IKEA Expansion plan - don't forget the meatballs!
I am sure I am not alone in describing the pain, anguish and untold stress of being dragged through one of IKEA’s large factory-sized stores, looking for that one remaining household item to complete the chic décor of the lounge. However, anyone that has had the somewhat unpleasant experience of shopping in IKEA may have realised that it is not always as straightforward as that! I’ve always thought these stores resembled more of something out of a TV game show than a shopping experience, with the only saving grace arriving once you’ve reached the checkpoint: the Swedish meatballs!
However, love them or loathe them, the success of these vast out-of-town stores cannot be underestimated. The retailer announced last week that UK revenues in the year to August rose by 5.9% to £1.96bn (bear in mind that this is just the UK!). In relation to these stores, 85% of total sales revenue was attributed to the retailer’s 21 large-format stores.
Therefore, it came as somewhat surprising news to me this week when the Swedish retailer announced its decision to being experimenting in opening smaller city centre stores in selected urban areas from 2019. These stores would, on paper, allow customers to browse through the catalogue offerings of IKEA and discuss home renovation plans with staff ahead of purchase.
Why did this news catch the attention of markets and commentators alike? Well, this was not just a classic example of a retailer committing to opening more stores, and in the process, building upon an already established and loyal customer base. This strategic decision signaled the first signs of a deviation away from the company’s successful roots.
Many will say “Why now?”, IKEA would more than likely respond with “The market is evolving!”. Like any brand, it is crucial to adapt to the competitive environment that you are in and stay connected to your customers in the process. These stores are likely to appeal to customers who may have alternative needs to the traditional IKEA customer base i.e. younger people, geographically immobile customers and casual shoppers.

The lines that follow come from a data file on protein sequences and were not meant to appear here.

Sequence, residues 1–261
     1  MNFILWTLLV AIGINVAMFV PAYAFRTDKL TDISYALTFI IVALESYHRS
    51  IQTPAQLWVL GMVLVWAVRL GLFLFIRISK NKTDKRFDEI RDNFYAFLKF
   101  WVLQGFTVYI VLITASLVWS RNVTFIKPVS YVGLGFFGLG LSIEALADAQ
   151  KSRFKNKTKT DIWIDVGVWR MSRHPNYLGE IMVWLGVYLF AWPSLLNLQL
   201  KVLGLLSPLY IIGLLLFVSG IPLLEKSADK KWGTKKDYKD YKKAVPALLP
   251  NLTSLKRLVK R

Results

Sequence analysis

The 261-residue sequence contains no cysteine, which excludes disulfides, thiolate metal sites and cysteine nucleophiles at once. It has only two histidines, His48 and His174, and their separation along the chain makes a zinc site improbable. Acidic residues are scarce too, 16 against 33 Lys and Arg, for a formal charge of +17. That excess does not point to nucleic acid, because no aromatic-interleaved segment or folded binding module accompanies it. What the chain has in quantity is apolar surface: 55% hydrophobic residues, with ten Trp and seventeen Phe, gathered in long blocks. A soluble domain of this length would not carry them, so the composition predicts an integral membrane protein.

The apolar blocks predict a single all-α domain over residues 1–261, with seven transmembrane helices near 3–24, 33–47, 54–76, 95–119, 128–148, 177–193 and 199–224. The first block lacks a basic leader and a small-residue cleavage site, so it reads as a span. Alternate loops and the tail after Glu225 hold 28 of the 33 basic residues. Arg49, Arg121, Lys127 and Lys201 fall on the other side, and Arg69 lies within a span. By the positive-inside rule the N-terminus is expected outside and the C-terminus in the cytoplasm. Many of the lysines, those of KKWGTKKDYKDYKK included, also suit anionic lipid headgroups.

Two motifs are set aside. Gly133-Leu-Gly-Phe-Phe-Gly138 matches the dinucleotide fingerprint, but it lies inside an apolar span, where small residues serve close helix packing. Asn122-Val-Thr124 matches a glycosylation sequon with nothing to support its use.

You might be familiar with Greiner’s Model of Growth that shows that businesses organically reach their capacity and face a serious of challenges that need to be overcome to continue growing. Maybe this marks the anticipation of IKEA reaching one of those internal stumbling blocks somewhat further down the line – the threat of Amazon stores is looming large!
As always no change in strategic direction is without its challenges. Will this be seen as a gimmick by some customers? How will rivals respond to this store experiment? Does this model integrate with its online platform? Will these stores be able to manage and hold enough stock to meet demand? Most importantly, will there be any Swedish meatballs?!
Whichever way you look at it, this is an unexpected change in strategy from a retailer that has always relied on scale, operational efficiency and low-cost delivery. What we can say for sure, however, is that during a time of disruption and chaos for UK retailers, this is a great example of PESTLE in action on the frontline of the high street.